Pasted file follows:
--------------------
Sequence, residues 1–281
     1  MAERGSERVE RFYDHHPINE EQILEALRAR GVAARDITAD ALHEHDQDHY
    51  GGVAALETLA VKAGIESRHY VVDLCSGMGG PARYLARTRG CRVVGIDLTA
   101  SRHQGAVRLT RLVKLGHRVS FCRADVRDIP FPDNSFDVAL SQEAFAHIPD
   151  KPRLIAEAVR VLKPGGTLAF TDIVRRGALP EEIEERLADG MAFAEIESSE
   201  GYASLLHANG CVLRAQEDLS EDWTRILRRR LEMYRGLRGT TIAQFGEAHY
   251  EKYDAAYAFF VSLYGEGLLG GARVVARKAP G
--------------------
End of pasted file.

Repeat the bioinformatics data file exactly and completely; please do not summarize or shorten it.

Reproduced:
Sequence, residues 1–281
     1  MAERGSERVE RFYDHHPINE EQILEALRAR GVAARDITAD ALHEHDQDHY
    51  GGVAALETLA VKAGIESRHY VVDLCSGMGG PARYLARTRG CRVVGIDLTA
   101  SRHQGAVRLT RLVKLGHRVS FCRADVRDIP FPDNSFDVAL SQEAFAHIPD
   151  KPRLIAEAVR VLKPGGTLAF TDIVRRGALP EEIEERLADG MAFAEIESSE
   201  GYASLLHANG CVLRAQEDLS EDWTRILRRR LEMYRGLRGT TIAQFGEAHY
   251  EKYDAAYAFF VSLYGEGLLG GARVVARKAP G